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Co-dydramol (dihydrocodeine and paracetamol) tablets


Oral formulations of paracetamol and dihydrocodeine.

Drugs List

  • co-dydramol (dihydrocodeine and paracetamol) 10mg+500mg tablets
  • co-dydramol (dihydrocodeine and paracetamol) 20mg+500mg tablets
  • co-dydramol (dihydrocodeine and paracetamol) 30mg+500mg tablets
  • co-dydramol (dihydrocodeine and paracetamol) 7.46mg+500mg tablets
  • PARAMOL 7.46mg+500mg tablets
  • REMEDEINE 20mg+500mg tablets
  • REMEDEINE FORTE 30mg+500mg tablets
  • Therapeutic Indications


    Pain - mild to moderate
    Pain - severe


    The duration of treatment should not exceed 3 days without medical review.


    One or two tablets every 4 to 6 hours when required.

    Maximum dose of 8 tablets in 24 hours.


    Dosage should be reduced in the elderly; some manufacturers recommend one tablet every 4 to 6 hours when required. Increase dose with caution, depending on tolerability, to two tablets every 4 to 6 hours when required.

    Maximum dose of 8 tablets in 24 hours.


    Children aged 16-18 years
    One or two tablets every 4 to 6 hours when required.
    Maximum dose of 8 tablets in 24 hours.

    Children aged 12-15 years
    One tablet every 4 to 6 hours when required.
    Maximum dose of 8 tablets in 24 hours.

    Children aged under 12 years
    Not recommended in this age group.

    Patients with Renal Impairment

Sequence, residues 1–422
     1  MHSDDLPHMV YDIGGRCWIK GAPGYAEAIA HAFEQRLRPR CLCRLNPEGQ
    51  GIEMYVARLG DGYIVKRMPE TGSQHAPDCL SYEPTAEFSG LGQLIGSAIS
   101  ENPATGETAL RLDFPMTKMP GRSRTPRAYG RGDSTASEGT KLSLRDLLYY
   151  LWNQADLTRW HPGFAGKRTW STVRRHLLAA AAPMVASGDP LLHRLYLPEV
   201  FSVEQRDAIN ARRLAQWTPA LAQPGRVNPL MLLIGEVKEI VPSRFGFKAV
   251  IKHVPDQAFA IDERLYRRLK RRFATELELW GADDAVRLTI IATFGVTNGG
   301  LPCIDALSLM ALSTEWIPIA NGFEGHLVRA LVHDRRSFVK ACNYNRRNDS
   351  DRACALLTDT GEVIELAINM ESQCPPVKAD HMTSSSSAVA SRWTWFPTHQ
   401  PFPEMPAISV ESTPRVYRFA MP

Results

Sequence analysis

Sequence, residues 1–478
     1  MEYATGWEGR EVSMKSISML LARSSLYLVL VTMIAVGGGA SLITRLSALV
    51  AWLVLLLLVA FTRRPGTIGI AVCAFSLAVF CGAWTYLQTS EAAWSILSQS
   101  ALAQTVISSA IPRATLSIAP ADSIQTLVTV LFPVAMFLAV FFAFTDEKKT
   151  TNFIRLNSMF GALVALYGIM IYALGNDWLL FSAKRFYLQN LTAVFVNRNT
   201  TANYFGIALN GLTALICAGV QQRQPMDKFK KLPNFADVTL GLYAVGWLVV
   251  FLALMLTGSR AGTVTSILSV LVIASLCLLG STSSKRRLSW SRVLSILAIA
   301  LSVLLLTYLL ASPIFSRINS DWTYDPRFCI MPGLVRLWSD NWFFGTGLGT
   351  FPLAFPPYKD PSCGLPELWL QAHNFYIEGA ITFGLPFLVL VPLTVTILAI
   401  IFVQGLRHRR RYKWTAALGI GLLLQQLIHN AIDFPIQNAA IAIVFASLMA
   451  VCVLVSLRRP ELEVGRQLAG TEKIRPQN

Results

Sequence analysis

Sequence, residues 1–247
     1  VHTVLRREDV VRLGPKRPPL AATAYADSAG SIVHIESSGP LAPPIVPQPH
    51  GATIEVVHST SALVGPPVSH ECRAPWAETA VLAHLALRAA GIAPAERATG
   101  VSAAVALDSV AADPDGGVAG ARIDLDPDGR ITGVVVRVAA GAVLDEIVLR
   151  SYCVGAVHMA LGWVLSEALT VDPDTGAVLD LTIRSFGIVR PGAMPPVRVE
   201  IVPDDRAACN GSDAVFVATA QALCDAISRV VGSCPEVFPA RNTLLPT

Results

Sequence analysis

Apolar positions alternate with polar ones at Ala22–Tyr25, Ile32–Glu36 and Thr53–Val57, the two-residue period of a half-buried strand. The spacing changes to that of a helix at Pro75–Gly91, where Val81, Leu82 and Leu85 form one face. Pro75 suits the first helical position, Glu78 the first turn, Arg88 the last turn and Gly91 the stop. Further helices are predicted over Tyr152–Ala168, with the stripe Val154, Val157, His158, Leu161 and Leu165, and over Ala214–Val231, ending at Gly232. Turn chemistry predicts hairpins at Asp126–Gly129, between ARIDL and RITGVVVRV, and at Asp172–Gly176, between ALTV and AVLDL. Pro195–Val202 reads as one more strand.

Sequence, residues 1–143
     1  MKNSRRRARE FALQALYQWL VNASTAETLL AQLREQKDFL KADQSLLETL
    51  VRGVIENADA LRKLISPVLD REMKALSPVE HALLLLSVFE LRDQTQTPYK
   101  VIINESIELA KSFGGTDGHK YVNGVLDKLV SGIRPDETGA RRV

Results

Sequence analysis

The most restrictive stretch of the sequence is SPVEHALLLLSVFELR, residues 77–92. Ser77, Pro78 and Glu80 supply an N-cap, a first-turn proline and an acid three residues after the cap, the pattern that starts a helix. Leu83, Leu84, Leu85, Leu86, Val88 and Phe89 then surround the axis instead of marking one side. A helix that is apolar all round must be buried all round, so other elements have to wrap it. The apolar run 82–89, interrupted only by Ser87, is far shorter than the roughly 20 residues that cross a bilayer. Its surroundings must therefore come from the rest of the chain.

Consider dose reduction in renal impairment.

    Patients with Hepatic Impairment

    Consider dose reduction in mild to moderate hepatic impairment.

    Contraindicated in severe hepatic impairment.


    Acute alcohol intoxication
    Children under 12 years
    Risk of paralytic ileus
    Acute asthma
    Acute diarrhoea
    Acute respiratory depression
    Chronic obstructive pulmonary disease
    Head trauma
    Raised intracranial pressure
    Severe hepatic impairment

    Precautions and Warnings

    Allergic disposition
    Suicidal ideation
    Within 2 weeks of discontinuing MAOIs
    Addison's disease
    Benign prostatic hyperplasia
    Biliary tract disorder
    Cardiac failure secondary to pulmonary disorder
    Circulatory failure
    Drug addiction
    Drug misuse
    During or immediately prior to labour
    Gall bladder disorder
    Inflammatory bowel disease
    Mild hepatic impairment
    Myasthenia gravis
    Non-cirrhotic alcoholic liver disease
    Recent gastrointestinal surgery
    Recent surgery of the urinary tract
    Renal impairment
    Respiratory impairment
    Urethral stricture

    Reduce dose in hypothyroidism
    Advise patient ability to drive or operate machinery may be impaired
    Advise patient not to drive until they know how the medicine affects them
    Advise patient this medicine may be subject to driving restrictions
    Not all available strengths are licensed for all indications
    Can cause addiction
    Prolonged or excessive use may result in dependence
    Advise patient to report overdose immediately, even if patient feels well
    Excessive use may increase frequency of headache, may require withdrawal
    Overdosage causes liver damage
    Prolonged use and excessive doses may cause hepatic necrosis
    May affect results of some laboratory tests
    Avoid abrupt withdrawal
    Reduce dose in debilitated patients
    Reduce dose in elderly
    For three days use only
    Advise patient not to take paracetamol during treatment
    Advise patient that the effects of alcohol may be potentiated
    Advise patient to avoid alcohol during treatment
    Advise that alcohol increases the chances of liver damage with paracetamol
    Advise patient to consult a doctor if symptoms persist despite treatment
    Consult doctor if symptoms persist or treatment is required for > 3 days